– Hidden badness

Yesterday I made a turkey tortilla soup for lunch. It was to be the vehicle for a delicious, surprising chili accessory that I ate recently at my friend Brandi’s home: a dollop of sour cream, into which was mixed lime zest and juice. It was just the thing that turned her good chili into one of those meals that makes you feel loved and delighted.

The limed sour cream was just as delicious at my house.  I did wonder out loud to my fellow diners, however, if the combination constituted what my brother Brian recently called a hidden badness: a food that contains ingredients that you can’t see or identify. (An example of hidden badness, apparently, is fruited yogurt. And American chop suey.)

Lydia, at the lunch table, said, “Yeah, that’s a hidden badness.” She avoided the sour cream with lime.

Eli, the food adventurer, disagreed.  “I would call this, and other things like this, the hidden goodness.” He dropped more sour cream into his soup and ate the whole bowl.

And so did Jimmy.  And so did I.

Grace, at a friend’s house, escaped the moment.

5 thoughts on “– Hidden badness

  1. The best example of hidden badness is soup!

    I have a feeling this is lingering phobia from youth – when mom told us to not eat the bay leaves in the stew – they’re poison!

    (Maybe the poison part was just a trick from you older siblings, but the phobia stuck and I became afraid of the hidden badness.)

  2. I, too, for a long time — actually until 5 minutes ago — held the same belief, that bay leaves are poisonous. I even have said the same to Lydia and Grace, when they are cooking with me and I remind them to remove the bay leaf at the end. They keep asking, “Why would you cook with it if it’s poisonous?” and I shrug and say, “I’m not sure.”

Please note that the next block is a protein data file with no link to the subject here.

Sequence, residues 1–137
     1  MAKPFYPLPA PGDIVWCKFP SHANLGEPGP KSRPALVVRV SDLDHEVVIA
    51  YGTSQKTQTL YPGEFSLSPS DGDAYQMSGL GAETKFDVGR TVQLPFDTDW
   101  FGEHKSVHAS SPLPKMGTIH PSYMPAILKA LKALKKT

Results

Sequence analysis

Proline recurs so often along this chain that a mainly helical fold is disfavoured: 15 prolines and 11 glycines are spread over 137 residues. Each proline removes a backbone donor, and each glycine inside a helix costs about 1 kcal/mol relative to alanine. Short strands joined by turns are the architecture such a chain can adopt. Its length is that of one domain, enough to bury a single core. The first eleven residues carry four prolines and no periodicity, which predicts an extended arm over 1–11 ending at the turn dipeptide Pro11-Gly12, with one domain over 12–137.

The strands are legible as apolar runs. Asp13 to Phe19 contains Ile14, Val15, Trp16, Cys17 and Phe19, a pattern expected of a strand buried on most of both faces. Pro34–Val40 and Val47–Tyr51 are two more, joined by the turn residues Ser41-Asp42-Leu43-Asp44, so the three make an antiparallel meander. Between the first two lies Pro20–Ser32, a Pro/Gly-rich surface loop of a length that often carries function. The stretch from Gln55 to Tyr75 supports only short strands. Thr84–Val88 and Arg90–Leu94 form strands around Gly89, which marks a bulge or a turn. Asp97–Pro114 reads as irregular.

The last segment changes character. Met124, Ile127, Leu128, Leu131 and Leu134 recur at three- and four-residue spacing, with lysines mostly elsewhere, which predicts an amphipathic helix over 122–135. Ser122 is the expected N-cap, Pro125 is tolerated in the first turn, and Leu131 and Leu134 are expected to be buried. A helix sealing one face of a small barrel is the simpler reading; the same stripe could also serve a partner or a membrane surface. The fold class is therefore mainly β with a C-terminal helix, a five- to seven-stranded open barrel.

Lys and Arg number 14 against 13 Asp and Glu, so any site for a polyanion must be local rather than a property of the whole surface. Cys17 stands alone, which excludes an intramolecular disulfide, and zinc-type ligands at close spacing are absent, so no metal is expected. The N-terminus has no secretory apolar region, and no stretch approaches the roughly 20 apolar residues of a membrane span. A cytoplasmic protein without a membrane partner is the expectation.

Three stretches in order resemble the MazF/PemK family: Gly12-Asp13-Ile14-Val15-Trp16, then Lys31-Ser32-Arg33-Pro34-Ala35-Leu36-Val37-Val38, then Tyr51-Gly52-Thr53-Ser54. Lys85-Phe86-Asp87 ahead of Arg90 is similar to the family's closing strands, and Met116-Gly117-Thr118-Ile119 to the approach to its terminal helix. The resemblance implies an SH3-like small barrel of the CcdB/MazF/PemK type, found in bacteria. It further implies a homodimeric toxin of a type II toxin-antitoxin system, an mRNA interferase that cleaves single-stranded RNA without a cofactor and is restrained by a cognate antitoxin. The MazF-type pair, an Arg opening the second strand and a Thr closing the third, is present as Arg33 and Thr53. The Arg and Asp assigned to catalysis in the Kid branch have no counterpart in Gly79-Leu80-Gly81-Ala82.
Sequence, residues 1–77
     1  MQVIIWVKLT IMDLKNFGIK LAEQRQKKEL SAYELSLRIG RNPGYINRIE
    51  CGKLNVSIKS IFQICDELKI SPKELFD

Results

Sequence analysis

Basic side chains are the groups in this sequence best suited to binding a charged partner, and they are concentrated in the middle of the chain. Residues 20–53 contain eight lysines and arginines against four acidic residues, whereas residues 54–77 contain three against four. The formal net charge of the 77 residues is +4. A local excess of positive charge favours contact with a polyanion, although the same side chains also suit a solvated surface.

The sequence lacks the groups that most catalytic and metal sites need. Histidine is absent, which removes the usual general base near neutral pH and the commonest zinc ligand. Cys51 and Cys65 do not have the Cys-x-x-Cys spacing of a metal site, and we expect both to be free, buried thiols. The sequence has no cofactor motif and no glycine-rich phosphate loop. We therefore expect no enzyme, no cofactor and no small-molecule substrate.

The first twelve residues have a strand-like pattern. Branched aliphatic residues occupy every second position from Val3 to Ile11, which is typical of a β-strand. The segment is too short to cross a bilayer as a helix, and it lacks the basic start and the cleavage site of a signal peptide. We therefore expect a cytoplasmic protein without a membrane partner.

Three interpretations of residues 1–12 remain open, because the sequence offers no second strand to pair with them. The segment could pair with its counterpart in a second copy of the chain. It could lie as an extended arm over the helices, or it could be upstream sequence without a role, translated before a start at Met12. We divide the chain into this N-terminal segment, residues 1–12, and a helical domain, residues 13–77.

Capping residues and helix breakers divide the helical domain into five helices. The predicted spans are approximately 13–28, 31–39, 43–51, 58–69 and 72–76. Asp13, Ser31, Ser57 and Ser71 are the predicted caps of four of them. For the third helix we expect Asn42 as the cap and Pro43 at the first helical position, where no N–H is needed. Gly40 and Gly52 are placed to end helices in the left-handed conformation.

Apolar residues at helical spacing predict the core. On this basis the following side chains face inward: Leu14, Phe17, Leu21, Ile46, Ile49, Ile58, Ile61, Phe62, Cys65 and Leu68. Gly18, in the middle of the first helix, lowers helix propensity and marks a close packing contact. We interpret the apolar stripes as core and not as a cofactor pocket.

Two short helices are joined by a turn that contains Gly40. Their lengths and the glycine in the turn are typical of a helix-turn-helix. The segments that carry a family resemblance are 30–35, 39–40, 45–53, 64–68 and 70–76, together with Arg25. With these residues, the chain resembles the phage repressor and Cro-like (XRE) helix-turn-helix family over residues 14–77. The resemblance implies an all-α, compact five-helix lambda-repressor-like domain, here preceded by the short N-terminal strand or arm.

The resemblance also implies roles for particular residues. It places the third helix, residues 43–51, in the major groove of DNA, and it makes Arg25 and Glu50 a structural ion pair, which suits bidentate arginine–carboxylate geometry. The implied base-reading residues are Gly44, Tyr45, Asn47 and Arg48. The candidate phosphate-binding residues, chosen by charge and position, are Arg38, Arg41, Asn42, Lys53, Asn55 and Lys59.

So, I just Googled this: bay leaves poisonous. And, guess what. They’re not. They’re simply hard to swallow and the edges are sharp and can cut the larynx, which is why they should be removed.

    I don’t think, however, that this will assuage your worries about soup or stew, Brian. I mean, you probably would like to avoid anything hidden in food with sharp edges that could lacerate you. Like razor blades in apples. And broken glass in Halloween candy.


  3. I made some hidden goodness/badness last week. I cooked a spicy dish with various vegetables. To serve with it, I threw together something much like the sour cream dollop. It was yogurt, paprika, and mint flakes–to cut the spiciness.

    I’ve made the vegetable dish before, but Doug paused before taking the yogurt. I told him the ingredients; he tried it; he seemed to like it. But maybe the goodness/badness should remain hidden, and served on the side.

  4. I am so surprised that Sally has not glommed (sp??) on to this post – it is she that has perpetrated the hidden badness in every food group. Brian, you were just her unknowing pupil. I for some reason am impervious to hidden badness, I think, because Sally and I were roommates and I rebelled against all of the hidden badness–oh and there is so much hidden badness. Now, I crave for the HB – sweatbreads, bring em on – mystery red meat – love it-if only to taste and savor – and dream that I am eating it in front of Sally…to taunt and sicken her.

    I think there is an essay on HB in David Sedaris new book….if there isn’t…there should be./


  5. We all have our hidden badness threshold, I suspect.

    I can’t stand, for example, when restaurants sneak truffle oil onto some dish I’ve ordered. I’ll eat it, but I won’t like it.

    I think I need to do a hidden badness survey and dig deep into this topic.

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